McDonald's Obesity Case Can't Proceed as Group Suit
McDonald’s Corp., the world’s largest restaurant chain, convinced a U.S. judge that consumers’ claims that its food contributed to childhood obesity were too distinct to be gathered in a single group lawsuit.
“Plaintiffs’ claims will necessitate extensive individualized inquiries,” Judge Donald Pogue in Manhattan said today in a 43-page decision in a lawsuit filed in 2002 by teenagers Ashley Pelman and Jazlen Bradley.
They accused McDonald’s of deceptively marketing its Chicken McNuggets, fish sandwiches, hamburgers and French fries from 1985 to 2002, harming their health and violating New York law.
Pogue, a U.S. Court of International Trade judge sitting by special designation in district court, said the consumers hadn’t shown that other people of a similar age suffered the same medical injuries after being exposed to the same marketing and eating the same food.
Lawyers for Pelman and Bradley estimated that the class size could number in the thousands, according to the ruling.
The decision comes a week after the restaurateur, based in the Chicago suburb of Oak Brook, Illinois, posted a 10 percent gain in third-quarter profit by luring customers with new menu items including fruit smoothies and frappes.
The landscape for the unhealthy-fast-food dispute has changed in the eight years since the New York lawsuit was filed.
New York City’s Board of Health in 2006 banned the use of trans fats in cooking oils, requiring the city’s 24,000 food establishments to eliminate it from their kitchens. At least a dozen other municipalities have adopted similar ordinances.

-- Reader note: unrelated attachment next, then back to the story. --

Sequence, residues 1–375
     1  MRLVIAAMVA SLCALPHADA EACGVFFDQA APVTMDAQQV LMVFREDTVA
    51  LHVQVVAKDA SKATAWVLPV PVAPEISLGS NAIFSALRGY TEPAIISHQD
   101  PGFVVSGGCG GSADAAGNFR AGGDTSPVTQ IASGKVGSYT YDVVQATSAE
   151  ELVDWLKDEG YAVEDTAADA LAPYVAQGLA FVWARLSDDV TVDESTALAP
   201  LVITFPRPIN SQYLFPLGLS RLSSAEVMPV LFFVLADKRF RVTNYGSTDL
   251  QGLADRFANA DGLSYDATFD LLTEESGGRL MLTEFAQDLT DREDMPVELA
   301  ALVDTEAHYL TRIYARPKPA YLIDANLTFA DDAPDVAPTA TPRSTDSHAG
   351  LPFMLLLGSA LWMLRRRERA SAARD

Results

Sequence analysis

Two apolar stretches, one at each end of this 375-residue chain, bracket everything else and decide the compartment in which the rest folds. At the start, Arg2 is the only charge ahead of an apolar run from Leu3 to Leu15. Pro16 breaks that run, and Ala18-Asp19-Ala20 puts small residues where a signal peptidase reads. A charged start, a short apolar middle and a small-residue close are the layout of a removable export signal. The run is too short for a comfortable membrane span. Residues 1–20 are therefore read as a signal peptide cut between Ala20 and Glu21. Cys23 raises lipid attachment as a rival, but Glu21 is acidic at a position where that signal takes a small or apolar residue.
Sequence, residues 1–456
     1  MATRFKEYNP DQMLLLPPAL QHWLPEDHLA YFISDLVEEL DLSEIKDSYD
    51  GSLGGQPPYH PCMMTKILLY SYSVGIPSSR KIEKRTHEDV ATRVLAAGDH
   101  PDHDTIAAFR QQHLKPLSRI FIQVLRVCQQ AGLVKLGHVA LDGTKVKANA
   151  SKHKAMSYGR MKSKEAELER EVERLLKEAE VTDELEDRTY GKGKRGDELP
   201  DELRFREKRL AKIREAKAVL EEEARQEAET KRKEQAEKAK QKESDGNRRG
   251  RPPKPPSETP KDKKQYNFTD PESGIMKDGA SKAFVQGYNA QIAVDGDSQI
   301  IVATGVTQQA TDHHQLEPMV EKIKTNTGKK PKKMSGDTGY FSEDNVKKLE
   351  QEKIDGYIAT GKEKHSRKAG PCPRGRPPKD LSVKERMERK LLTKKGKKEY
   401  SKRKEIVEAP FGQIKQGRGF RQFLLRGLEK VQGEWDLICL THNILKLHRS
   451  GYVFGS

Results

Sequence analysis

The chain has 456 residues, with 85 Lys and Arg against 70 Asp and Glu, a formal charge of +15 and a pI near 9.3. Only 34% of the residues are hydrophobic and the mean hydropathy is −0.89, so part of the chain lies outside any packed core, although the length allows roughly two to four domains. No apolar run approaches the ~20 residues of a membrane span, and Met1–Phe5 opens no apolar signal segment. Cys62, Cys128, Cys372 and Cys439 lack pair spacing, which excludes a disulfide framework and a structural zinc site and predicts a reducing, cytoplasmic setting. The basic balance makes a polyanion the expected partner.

McDonald’s has added healthier alternatives to its children’s menu, including apples, apple juice and low-fat milk.
“We are extremely pleased with the court’s decision today,” Heidi Barker, a spokeswoman for McDonald’s, said in an e-mailed statement. “As we have maintained throughout these proceedings, it is unfair to blame McDonald’s for this complex societal problem.”
A federal appeals court in 2005 reversed a judge’s decision dismissing the case, which sought billions of dollars in damages. The appeals court ruled that the teens and their attorneys should be allowed to collect evidence to support their claims that McDonald’s misled consumers about cumulative effect of daily consumption.
Samuel Hirsch, the lead lawyer for the plaintiffs, didn’t immediately respond to a call and e-mail seeking comment on today’s decision.
Happy Meal Toys
The Center for Science in the Public Interest, a Washington-based nonprofit consumer advocacy group, sent McDonald’s a letter in June demanding that it stop including toys as premiums with its children’s Happy Meals.
“McDonald’s is the stranger in the playground handing out candy to children,” Stephen Gardner, the center’s litigation director, said in a statement.
“McDonald’s use of toys undercuts parental authority and exploits young children’s developmental immaturity -- all this to induce children to prefer foods that may harm their health,” Gardner said. “It’s a creepy and predatory practice that warrants an injunction.”
McDonald’s Chief Executive Officer Jim Skinner, in a July 6 reply letter called the “stranger in the playground” characterization “an insult to every one of our franchisees and employees around the world.”
The company makes “comprehensive nutrition information” available to parents, Skinner said, adding that the public doesn’t support CSPI’s claims.
“Parents, in particular, strongly believe they have the right and responsibility to decide what’s best for their children, not CSPI,” the CEO said.
Jeff Cronin, a spokesman for the center, didn’t immediately reply to voice-mail and e-mail requests seeking comment today on the status of the group’s dispute with McDonald’s.
The case is Pelman v. McDonald’s Corp., 02-cv-07821, U.S. District Court, Southern District of New York (Manhattan).
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